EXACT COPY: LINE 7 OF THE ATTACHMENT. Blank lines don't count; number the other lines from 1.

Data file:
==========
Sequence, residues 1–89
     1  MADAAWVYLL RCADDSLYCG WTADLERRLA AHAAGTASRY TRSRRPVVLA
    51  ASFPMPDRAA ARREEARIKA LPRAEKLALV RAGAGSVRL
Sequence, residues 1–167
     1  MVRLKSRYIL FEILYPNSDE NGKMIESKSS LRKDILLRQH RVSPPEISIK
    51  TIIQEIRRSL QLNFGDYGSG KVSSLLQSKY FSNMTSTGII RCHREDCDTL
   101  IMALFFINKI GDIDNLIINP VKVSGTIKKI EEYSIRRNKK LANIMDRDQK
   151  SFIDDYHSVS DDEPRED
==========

   101  IMALFFINKI GDIDNLIINP VKVSGTIKKI EEYSIRRNKK LANIMDRDQK